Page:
MND stories

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Four months

Posted 1/09/2016 09:00AM by Karen Andrews

​We’d known something was wrong with dad for a while.

I live in a different state to my parents, so I didn’t get to witness a lot of the initial stages of decline. My mother said he first noticed something was wrong because he wasn’t hitting a golf ball as far as usual. Participating in sport was one of his greatest pleasures and accomplishments in his life; he still holds a local cricket club bowling record forty years after setting it. So I can appreciate how he would find a change like that frustrating and upsetting.

Scarier changes were to come. Over the phone, I was told about the tests he had undergone; the cautious diagnosis of a slight stroke. Perhaps that was what had caused his speech to slur? They weren’t sure. After a few more months, he couldn’t get through a day without needing to lie down for an afternoon nap. 

My parents came down for the launch of my first book and that was the first time I’d really gotten to see the changes. At family events, he was always the guy with a video camera, documenting events. This latest one was no different, except he needed to support his photographing hand with the other in order to keep it steady; his strength was failing. He’d lost an extraordinary amount of weight. Losing the ability to chew and swallow, his meals were rapidly becoming a procession of nutrition-enhanced Sustagen milkshakes. I remember he tried to eat a corn chip like any person might, by choosing one out of a bowl and putting it into his mouth. But he nearly choked on it, and after he recovered the group gathered around the table went quiet with worry.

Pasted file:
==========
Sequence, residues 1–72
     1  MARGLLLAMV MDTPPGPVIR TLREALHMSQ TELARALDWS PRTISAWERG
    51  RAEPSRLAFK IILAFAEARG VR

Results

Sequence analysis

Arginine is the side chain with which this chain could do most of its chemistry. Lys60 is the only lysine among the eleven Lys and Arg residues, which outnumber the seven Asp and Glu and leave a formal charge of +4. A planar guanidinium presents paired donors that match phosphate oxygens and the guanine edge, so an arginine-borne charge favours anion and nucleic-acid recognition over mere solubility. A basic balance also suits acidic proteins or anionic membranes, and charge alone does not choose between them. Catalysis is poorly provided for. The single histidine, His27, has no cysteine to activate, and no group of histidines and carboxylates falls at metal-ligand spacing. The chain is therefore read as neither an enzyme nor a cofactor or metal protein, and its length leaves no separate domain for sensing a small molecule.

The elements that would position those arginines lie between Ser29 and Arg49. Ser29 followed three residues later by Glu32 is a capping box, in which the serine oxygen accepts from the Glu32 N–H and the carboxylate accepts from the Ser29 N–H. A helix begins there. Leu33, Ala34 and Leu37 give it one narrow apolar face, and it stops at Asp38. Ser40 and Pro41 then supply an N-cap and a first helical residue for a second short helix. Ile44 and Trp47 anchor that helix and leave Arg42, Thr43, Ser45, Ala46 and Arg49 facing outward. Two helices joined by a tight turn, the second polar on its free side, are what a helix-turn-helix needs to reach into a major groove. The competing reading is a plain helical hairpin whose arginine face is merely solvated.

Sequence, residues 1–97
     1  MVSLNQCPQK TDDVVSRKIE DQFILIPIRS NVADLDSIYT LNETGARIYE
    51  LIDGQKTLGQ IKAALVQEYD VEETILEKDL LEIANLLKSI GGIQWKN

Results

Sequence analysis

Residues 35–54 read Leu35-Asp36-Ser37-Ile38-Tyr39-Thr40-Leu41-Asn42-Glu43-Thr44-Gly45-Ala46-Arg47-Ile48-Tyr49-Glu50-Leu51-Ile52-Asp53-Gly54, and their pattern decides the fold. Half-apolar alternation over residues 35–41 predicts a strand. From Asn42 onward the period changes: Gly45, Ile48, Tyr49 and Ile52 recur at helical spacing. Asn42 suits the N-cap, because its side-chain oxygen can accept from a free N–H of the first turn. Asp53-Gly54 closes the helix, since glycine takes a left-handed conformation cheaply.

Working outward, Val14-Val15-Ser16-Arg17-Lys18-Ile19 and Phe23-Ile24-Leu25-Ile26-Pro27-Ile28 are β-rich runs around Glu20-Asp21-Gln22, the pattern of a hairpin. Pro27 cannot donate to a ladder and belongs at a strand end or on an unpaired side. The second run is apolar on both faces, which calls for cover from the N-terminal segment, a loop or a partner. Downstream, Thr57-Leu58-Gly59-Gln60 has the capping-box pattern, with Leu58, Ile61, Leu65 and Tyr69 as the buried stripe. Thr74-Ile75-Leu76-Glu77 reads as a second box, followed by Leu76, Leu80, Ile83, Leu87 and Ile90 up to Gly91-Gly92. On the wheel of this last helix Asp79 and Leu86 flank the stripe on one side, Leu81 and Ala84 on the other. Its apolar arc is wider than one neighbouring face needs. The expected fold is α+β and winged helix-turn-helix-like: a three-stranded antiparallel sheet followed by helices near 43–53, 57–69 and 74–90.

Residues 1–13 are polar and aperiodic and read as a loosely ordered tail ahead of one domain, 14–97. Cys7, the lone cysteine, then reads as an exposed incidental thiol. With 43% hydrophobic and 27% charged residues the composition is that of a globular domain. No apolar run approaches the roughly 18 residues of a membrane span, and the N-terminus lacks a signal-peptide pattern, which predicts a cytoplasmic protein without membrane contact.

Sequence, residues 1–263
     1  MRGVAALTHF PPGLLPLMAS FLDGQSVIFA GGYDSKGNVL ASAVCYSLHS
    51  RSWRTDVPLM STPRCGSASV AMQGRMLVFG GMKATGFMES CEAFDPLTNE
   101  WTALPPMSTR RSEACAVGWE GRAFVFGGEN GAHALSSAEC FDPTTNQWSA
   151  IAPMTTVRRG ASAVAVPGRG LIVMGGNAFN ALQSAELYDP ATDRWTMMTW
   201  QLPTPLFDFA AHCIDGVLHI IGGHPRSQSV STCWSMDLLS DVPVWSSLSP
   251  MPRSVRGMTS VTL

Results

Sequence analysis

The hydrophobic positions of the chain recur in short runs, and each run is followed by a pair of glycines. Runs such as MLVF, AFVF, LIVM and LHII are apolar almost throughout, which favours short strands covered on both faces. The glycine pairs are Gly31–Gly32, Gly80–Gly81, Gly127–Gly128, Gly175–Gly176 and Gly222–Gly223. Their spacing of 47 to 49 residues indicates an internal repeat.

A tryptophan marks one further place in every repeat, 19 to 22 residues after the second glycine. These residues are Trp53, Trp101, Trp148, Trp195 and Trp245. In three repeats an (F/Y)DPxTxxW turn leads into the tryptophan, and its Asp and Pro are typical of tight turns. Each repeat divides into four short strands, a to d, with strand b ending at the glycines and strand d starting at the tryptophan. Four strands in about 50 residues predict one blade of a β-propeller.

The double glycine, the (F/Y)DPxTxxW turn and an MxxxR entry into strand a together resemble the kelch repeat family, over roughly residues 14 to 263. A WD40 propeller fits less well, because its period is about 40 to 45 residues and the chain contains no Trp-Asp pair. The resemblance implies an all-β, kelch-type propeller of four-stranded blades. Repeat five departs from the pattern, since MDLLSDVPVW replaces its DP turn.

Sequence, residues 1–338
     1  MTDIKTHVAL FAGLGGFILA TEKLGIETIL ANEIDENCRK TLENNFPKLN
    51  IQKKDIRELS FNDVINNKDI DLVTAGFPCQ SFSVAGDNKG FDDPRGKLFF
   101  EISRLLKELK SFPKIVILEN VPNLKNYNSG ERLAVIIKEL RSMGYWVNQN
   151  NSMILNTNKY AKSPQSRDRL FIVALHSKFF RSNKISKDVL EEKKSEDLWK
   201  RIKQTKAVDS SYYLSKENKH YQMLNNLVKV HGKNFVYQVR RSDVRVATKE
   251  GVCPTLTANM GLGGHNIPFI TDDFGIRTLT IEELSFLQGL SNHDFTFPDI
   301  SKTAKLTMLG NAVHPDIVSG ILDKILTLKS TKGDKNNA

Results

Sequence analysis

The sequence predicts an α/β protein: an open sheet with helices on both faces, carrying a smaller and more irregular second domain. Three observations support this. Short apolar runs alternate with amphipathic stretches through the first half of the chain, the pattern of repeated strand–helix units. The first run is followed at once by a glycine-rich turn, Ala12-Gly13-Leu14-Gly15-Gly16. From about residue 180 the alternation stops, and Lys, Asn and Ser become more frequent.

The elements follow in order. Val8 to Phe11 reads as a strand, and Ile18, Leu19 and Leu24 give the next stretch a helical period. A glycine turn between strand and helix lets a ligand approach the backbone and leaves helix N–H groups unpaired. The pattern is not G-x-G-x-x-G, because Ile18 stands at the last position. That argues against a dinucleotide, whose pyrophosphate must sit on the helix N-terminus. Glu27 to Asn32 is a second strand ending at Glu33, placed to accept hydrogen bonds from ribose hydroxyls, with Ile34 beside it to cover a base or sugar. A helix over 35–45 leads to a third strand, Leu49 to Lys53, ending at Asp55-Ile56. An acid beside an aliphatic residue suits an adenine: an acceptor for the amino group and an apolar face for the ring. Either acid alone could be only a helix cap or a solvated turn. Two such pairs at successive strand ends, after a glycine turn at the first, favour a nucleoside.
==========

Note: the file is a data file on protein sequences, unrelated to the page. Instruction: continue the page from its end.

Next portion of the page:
Two days later, I got the call he’d been officially diagnosed with Motor Neuron Disease in Sydney, after they’d left Melbourne. I didn’t know anything about the disease before taking the phone call and after running to the computer and doing a few minutes of initial Googling, I knew this was going to be a tough road.

The day of diagnosis was October 20th, 2008. He died February 19th, 2009. Four months. Not even. He was 59 years old. Pneumonia took him in the end, as it does with many others. It happened so fast I didn’t even get to the hospital in time to say goodbye.

I’ve already gone way over my allocated word count for this post, but that’s what talking about this subject does to me. I want to raise awareness; I like to raise money, feel like I’m helping in a tiny way. It helps me grieve. It gets me through the bad days, like when I found one of those tins of Sustagen at the back of the cupboard from his last visit. I cheer at all the Ice Bucket Challenges.

I share my story and I listen to others. I learn. Only by learning can we hope to find a cure.

COMMENTS

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Comments
Emma
My Mum was 5 weeks from Diagnosis.. And 53, Not sure if it makes it harder or easier knowing they suffered for less time..
4/09/2016 11:26:11 AM

 

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